Applications for US jobless benefits likely increased slightly last week.

MarketsAssociated Press

The Labor Department reports on the number of people who applied for unemployment benefits last week at 8:30 a.m. Eastern Thursday.

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NEARLY FLAT: Economists expect that weekly applications for unemployment aid rose 1,000 last week to a seasonally adjusted 272,000, according to a survey by data firm FactSet.

Recent global financial struggles have yet to disrupt the U.S. job market. Employers have largely kept their staffs intact, as applications for jobless benefits, a proxy for layoffs, have remained near historic lows for the past several months. Few layoffs when coupled with steady job growth point to an economy that is expanding confidently.

Over the past year, the less volatile four-week average of applications for jobless benefits has plunged 9.5 percent to 272,500. Weekly averages below 300,000 applications tend to correspond with net monthly gains of 200,000 jobs.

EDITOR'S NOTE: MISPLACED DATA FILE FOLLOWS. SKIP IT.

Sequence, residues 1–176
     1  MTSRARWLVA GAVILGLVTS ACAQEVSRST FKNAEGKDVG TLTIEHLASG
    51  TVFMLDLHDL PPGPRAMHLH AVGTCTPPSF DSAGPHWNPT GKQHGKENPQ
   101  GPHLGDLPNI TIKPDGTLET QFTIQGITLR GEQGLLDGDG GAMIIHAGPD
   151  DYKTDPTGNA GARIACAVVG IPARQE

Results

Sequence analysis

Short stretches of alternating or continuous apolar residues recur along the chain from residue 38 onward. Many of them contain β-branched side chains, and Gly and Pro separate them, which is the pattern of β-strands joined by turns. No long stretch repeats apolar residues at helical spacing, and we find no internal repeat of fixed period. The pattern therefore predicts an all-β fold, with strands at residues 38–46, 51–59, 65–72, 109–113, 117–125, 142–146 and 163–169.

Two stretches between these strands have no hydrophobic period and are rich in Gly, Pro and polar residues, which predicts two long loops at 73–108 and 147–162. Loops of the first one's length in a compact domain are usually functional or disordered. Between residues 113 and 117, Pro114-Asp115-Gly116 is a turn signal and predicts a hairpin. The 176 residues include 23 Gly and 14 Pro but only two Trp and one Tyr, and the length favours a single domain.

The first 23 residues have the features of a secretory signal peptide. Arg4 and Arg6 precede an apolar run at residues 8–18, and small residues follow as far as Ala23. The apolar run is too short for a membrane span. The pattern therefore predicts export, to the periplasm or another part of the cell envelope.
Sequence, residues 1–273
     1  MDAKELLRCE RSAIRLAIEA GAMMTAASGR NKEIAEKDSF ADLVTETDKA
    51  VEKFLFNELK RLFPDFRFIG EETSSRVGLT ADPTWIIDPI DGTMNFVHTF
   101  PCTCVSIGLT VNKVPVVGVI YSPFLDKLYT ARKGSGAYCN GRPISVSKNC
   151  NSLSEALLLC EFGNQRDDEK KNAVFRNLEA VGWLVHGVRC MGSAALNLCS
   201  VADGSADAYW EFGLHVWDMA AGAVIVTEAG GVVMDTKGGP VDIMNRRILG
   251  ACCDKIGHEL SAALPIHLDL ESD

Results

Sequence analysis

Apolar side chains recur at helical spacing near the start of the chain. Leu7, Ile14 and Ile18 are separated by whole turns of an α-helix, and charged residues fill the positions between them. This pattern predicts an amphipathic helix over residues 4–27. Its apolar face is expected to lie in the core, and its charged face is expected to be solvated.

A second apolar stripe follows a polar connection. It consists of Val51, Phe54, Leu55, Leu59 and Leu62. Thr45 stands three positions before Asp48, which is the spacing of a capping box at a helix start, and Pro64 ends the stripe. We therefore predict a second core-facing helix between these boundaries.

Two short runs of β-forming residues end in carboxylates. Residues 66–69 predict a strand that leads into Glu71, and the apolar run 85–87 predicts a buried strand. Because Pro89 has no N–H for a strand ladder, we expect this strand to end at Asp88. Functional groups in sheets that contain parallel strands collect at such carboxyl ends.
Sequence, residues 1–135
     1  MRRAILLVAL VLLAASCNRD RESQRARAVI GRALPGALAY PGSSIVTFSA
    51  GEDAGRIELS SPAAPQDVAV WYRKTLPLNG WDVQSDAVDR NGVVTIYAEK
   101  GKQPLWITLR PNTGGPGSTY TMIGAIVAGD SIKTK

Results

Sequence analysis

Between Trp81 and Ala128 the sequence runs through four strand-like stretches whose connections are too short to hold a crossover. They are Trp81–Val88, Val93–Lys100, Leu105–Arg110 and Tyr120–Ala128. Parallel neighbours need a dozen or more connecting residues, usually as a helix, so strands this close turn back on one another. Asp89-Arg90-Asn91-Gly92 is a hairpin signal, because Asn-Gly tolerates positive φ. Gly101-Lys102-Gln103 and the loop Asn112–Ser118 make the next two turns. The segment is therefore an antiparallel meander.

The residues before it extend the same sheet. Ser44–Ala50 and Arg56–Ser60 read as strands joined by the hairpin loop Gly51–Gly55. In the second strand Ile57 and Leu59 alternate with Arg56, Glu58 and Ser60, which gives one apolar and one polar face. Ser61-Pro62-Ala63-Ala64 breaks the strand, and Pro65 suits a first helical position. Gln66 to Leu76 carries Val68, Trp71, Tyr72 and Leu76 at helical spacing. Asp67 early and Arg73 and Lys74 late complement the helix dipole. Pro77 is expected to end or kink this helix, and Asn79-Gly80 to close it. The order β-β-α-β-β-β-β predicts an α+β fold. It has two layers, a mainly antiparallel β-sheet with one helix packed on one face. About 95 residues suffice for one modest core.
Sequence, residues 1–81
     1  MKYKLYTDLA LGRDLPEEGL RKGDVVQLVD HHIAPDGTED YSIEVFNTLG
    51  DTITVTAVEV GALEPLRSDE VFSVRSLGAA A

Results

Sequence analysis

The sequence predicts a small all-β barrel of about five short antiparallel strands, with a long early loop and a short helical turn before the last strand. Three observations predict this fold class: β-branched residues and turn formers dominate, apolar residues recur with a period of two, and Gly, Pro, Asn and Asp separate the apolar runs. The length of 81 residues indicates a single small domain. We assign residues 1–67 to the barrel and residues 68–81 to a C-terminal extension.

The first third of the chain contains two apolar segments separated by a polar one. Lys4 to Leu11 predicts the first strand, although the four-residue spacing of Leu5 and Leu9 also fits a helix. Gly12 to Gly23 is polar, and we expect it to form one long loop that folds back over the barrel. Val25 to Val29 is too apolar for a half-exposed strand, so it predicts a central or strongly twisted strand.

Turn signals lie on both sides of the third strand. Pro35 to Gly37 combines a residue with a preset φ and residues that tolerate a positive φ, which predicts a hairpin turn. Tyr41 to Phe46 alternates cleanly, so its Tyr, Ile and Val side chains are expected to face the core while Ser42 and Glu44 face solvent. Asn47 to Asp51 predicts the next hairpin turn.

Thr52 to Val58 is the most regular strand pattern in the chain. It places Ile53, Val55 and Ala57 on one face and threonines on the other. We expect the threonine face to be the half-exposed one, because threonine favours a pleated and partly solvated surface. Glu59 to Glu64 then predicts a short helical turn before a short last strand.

HIRING GAINS: The Friday employment report released by the government are forecast show hiring growth of 207,500 jobs in August as the unemployment rate dips to 5.2 percent from 5.3 percent, according to FactSet. Hiring at that pace would reinforce the resilience of the U.S. economy amid uncertainty about China's financial health, a Canadian economy that just slid into recession and the stock market sell-off of the past month.

A private sector jobs survey released Wednesday indicated that the United States has largely been relatively insulated from the recent turmoil.

Payroll processor ADP said that businesses added 190,000 jobs last month. This marks an increase from 177,000 in July, but below a six-month high in June of 231,000.

The report found that small businesses with fewer than 50 employees accounted for 85,000 hires in August, while medium businesses with less than 500 employees added 66,000. Smaller companies are generally less likely to have international operations or trade in the stock market.

The Federal Reserve is closely monitoring jobs figures ahead of its next meeting, set for Sept. 16-17. The unemployment rate is near the level the Fed considers healthy, suggesting the central bank could raise short-term interest rates at that meeting for the first time in nine years.

But analysts say the choppy stock market, rising value of the dollar and slowdown in China's economy could force the Fed to hold off until December or later.